Psychology of Use vs. Psychology of Possession
Note: Page numbers enclosed in parentheses are citations from The Individual Psychology of Alfred Adler: A systematic presentation in selections from his writings. (H. L. and R. R. Ansbacher, Eds.). © 1964, Harper & Row, Publishers, Inc. Used by permission of Perseus Books Group.
Adler's view was that the unique movement and lifestyle of an individual in all thought, feeling, and action cannot be accounted for as the outcome or consequence of prior conditions, forces, or influences, (i.e., causes), but must be understood in terms of the use to which the individual puts these things. In this approach, the psychologist does not seek an understanding of individuals by identifying traits, which they are supposed to possess (for example, laziness, bad temper), but rather in observing the ways they make use of their various capacities and opportunities in line with their goals.
The direction and the directed utilization of instincts and drives, as well as impressions from the environment and education, are the artistic work of the child and cannot be understood in the sense of a psychology of possession (Besitzpsychologie) but only of a psychology of use (Gebrauchspsychologie) (p. 205).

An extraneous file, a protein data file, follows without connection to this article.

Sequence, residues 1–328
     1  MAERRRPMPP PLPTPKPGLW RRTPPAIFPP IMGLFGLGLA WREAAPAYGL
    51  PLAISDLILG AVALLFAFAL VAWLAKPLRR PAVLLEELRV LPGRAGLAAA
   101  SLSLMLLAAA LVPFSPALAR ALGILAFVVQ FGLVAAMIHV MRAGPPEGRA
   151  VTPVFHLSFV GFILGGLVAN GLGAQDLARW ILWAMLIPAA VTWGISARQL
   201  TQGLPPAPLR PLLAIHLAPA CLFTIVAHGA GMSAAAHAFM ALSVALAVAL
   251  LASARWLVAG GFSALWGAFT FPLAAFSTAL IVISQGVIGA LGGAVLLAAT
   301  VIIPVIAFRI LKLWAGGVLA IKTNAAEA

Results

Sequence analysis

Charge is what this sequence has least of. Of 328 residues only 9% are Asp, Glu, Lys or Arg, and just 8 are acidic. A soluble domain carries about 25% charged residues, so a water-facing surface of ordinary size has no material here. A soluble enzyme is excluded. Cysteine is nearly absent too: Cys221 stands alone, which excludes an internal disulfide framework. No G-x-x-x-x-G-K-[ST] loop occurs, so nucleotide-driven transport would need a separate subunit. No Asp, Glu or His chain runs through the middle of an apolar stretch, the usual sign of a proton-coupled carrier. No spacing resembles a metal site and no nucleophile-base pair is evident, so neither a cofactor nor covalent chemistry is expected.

Individual Psychology is the psychology of use and emphasizes the creative appropriation and exploitation of all these [hereditary and environmental] influences (p. 205).
Individual Psychology. . . considers the attitude of an individual to the problems of life in order to understand him, and therefore considers the use he makes of his capacities (p. 205).
Our objection to the teachings of the hereditarians and every other tendency to overstress the significance of constitutional disposition is that the important thing is not what one is born with, but what use one makes of that equipment. We must ask ourselves: "Who uses it?" (p. 176).
© Griffith, J., & Powers, R. L. (2007). The Lexicon of Adlerian Psychology: 106 terms Associated with the Individual Psychology of Alfred Adler (2nd ed.). Port Townsend, WA: Adlerian Psychology Associates (p. 85).
Definitions of concepts are used by permission of Jane Griffith. A comprehensive list of concepts and definitions can be found in The Lexicon of Adlerian Psychology: 106 Terms Associated with the Individual Psychology of Alfred Adler by Jane Griffith and Robert L. Powers, available for purchase on Amazon.com.